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        • I agree things are tough here as well… fortunately (though I could wish there were more governmental associations paying for the jobs done) we have many volunteer organizations who take care of a lot of difficult public situations including the care of the elderly, the destitute, immigrants and the various types of people with handicaps etc. This is a Catholic country … and charity work is a part of the system and works hand in hand with local governments. So there are food drives going on now, where you leave what you can for the people who are in difficulty and it is distributed in fixed areas given to them by the city. There are also people who take advantage of these organization in order to get a free hand-out. Yesterday after food distribution by the Caritas some of the food distributed was found in the trash bins (some milk and pasta). It was such a volunteer organization (though non-religious) for example that helped distribute masks to all of the residents of my town. There are problems with dysfunctional families and violence in the home too. There are people who are depressed that have problems staying at home (there has been help for children with special problems like autism and concessions made so that they can leave their home to go out for walks wearing a blue ribbon( so that they don”t get stopped by the police.) There are a lot of projects going on.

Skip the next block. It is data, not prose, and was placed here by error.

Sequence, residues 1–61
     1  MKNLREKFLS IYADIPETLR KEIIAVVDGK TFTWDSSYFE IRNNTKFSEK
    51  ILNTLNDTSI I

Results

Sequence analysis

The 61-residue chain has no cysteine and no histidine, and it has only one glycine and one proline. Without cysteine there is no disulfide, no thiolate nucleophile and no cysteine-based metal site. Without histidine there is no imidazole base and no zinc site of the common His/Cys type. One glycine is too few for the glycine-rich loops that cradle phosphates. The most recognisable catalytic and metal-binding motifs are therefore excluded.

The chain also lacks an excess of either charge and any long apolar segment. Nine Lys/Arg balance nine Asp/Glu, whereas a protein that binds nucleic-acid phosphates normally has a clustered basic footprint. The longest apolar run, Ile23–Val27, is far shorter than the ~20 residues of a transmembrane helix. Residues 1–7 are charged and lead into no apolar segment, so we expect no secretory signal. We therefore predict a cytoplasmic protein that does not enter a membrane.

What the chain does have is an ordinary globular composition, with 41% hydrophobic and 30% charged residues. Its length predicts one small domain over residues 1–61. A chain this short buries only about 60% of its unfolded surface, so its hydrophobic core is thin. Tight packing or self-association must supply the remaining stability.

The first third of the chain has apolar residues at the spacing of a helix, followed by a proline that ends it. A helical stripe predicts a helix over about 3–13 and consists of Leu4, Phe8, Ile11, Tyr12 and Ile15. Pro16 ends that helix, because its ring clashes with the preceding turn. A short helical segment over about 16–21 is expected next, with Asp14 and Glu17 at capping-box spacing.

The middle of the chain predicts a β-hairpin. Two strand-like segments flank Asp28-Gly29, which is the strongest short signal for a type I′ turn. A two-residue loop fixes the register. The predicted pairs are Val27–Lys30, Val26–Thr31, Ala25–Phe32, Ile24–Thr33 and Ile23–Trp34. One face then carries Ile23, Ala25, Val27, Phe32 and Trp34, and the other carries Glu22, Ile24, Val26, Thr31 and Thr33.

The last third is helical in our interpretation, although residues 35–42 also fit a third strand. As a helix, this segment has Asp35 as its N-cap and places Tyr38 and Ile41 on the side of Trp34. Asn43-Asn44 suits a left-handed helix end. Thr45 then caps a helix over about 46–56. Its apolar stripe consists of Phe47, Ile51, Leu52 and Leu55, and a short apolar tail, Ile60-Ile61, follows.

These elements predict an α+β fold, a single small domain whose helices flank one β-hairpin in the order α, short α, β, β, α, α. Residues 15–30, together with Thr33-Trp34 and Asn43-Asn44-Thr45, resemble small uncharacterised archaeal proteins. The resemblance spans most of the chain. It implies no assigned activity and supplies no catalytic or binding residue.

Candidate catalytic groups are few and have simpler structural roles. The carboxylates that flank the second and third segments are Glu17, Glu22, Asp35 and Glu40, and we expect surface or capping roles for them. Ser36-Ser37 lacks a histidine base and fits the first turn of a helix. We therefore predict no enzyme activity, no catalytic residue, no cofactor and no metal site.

This is not to say everything is cozy and nice, because there’s a lot of grumbling and people get mean and for example turn in their neighbors because they happen to see them go out of their house (happened to a friend who’d gone out in the evening to take out the trash).

          As I said though we don’t have empty shelves in the supermarkets, my son bought 2 kilos of flour this morning as well as bananas, kiwis, eggs, trout, zucchini, eggplants, some frozen minestrone, pasta, potatoes, fresh bread, cookies, bacon and I don’t remember what else. He forgot to bring extra money along and so someone’ll have to go out to pick up fresh meat but we have some in the freezer so, not big problem. Seems that there is also a problem of seasonal workers … well let’s say cheap labour, the jobs college students and young people used to do but now immigrants do…thanks to (can you imagine) Trump our local equivalents of Italy firsters have riled against the “extra-communitarians … so African and Middle Eastern immigrants and refugees for years but it’s they that keep the price of food down, it’s also they who do the job that the Italian firsters wouldn’t be seen dead doing …. so as you see we really are globalized … and all infected by common viruses both social and physical.

          Liked by 1 person